How Does a Heat Pump Work?
Some people swear by heat pumps and feel they are an excellent investment in reducing the costs associated with the energy it takes to keep a house warm or cool. Others don't understand why someone would want to pay an average of $2,000 for a metal monstrosity that sits in your backyard.
Some people swear by heat pumps and feel they are an excellent investment in reducing the costs associated with the energy it takes to keep a house warm or cool. Others don't understand why someone would want to pay an average of $2,000 for a metal monstrosity that sits in your backyard. Perhaps an explanation of how heat pumps work can help someone decide whether a heat pump is a good investment or a money pit.
Heat Pumps: The Basics
Heat pumps work by drawing heat from the surrounding environment and pumping it into another environment. Some of the main parts of a heat pump include an outdoor coil, refrigerant, a compressor and an indoor coil. No matter how hot or cold it is outside, there is almost always heat associated with that temperature. The outdoor coil is responsible for taking that heat. The cost comparison of heat pumps to electric heating is far less because a heat pump is continuously moving all year long, never sitting idle and pushing energy to stop and start like traditional air systems.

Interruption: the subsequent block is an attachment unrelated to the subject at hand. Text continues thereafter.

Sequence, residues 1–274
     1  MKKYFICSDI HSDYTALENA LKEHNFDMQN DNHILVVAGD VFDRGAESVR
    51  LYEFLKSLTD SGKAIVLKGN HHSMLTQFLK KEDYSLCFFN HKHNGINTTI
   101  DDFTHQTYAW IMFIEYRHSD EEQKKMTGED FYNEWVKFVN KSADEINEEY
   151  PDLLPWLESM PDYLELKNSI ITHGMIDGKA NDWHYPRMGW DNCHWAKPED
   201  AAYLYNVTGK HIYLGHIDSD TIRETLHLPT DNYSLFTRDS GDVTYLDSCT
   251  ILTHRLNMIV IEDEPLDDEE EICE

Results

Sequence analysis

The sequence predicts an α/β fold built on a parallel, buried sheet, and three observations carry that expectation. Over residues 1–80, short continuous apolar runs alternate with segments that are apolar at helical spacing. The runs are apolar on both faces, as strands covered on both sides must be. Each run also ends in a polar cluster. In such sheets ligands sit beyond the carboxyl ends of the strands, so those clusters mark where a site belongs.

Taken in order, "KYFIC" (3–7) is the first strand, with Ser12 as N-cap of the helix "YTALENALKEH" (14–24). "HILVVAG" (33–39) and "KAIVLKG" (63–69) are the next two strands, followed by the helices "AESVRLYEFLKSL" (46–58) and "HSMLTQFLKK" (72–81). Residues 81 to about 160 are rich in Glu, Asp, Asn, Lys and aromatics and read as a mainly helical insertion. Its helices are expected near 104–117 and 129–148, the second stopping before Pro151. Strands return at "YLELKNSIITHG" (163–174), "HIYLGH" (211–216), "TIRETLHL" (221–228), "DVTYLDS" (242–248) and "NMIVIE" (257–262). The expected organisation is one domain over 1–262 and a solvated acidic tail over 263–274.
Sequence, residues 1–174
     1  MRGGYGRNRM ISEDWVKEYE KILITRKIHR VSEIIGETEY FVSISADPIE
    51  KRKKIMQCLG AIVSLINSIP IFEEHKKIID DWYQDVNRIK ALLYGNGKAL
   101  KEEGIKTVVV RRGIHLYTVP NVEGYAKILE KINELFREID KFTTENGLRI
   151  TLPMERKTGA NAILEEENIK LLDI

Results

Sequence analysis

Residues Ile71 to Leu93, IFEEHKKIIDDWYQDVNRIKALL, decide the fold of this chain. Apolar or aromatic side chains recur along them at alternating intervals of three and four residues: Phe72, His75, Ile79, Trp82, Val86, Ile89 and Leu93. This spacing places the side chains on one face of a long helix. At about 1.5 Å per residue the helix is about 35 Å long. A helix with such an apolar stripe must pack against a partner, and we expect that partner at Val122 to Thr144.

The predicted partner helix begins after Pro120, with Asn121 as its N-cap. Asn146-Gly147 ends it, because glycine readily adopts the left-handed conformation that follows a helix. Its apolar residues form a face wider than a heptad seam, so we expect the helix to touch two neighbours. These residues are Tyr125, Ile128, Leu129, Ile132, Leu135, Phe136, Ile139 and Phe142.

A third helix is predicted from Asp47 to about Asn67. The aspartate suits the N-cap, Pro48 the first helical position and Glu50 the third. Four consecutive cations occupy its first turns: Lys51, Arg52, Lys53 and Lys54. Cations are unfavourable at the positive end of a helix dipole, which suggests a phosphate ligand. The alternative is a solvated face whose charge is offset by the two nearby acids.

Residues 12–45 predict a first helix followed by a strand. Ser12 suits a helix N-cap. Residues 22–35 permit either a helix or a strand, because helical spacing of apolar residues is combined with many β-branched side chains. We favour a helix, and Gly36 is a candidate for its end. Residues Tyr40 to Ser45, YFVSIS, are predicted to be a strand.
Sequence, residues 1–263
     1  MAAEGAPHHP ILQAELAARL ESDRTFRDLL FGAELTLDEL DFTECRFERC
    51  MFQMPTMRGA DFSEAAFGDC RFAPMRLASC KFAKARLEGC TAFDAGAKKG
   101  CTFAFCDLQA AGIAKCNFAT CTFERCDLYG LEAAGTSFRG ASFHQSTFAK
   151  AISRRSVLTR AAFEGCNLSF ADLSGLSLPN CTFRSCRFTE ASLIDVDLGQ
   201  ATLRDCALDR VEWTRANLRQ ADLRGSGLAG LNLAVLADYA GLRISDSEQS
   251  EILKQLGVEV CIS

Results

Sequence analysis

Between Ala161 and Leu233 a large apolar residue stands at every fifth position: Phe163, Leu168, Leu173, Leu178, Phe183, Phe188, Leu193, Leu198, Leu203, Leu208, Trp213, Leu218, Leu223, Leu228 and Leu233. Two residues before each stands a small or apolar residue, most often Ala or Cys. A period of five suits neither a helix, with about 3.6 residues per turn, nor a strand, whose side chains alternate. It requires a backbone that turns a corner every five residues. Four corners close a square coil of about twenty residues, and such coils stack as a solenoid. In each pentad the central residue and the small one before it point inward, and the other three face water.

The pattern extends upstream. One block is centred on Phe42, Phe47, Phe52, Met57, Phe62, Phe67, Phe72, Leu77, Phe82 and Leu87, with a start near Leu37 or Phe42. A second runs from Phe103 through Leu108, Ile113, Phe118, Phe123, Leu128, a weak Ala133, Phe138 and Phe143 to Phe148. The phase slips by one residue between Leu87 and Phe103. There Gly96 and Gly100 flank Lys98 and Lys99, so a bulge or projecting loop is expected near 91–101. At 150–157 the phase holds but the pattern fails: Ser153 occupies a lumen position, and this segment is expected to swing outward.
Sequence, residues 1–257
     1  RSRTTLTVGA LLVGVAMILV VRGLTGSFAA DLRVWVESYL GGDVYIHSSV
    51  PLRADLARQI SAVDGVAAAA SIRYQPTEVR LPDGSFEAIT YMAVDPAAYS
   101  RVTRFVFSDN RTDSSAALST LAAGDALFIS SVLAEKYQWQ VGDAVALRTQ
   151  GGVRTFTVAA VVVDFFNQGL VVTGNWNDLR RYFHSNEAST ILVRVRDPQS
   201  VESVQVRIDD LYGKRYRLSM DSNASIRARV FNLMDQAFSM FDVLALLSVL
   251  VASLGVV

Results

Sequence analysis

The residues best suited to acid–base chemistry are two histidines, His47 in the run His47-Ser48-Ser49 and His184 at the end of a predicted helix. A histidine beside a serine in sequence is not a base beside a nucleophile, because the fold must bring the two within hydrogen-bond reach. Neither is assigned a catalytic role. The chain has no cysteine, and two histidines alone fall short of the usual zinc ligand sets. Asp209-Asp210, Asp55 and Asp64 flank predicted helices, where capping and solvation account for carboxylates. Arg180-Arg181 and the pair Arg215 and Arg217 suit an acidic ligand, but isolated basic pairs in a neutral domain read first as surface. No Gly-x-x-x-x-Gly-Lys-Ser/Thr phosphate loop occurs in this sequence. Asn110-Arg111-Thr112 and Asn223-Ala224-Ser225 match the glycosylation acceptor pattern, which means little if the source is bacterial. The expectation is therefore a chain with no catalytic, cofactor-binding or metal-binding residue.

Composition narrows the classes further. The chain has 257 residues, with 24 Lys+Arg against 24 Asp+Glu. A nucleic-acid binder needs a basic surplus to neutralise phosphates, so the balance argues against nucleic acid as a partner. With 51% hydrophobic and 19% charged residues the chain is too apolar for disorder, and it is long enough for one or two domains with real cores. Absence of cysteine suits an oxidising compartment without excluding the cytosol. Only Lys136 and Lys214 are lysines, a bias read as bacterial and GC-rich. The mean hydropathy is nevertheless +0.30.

Keepin' it Warm on Cool Days
Air passes over the outdoor coil, which sucks the heat out of it and puts it into the refrigerant. The captured heat makes the refrigerant warm and turns it into a vapor. These vapors travel to the indoor coil that is on the inside of the home. When the indoor air meets the heat in the indoor coil, it gets warm and travels through the home vents, spreading warmth throughout the home.
Keepin' it Cool on Warm Days
The outdoor coil captures the heat from the air just as it does when it intends to warm the house. However, when the warm air meets the indoor coil's extremely cool refrigerant, the heat doesn't last very long. It gets absorbed so quickly that the air loses all humidity, which condenses outside of the coil. A fan pushes that super cool air into the ducts.
The refrigerant turns from liquid to vapor in this process because of the absorbed heat. That vapor goes through a special vapor line to the outdoor coil which dissipates the heat, making the vapor a liquid again. That liquid goes through a liquid line back to the indoor coil and once again acts as a refrigerant.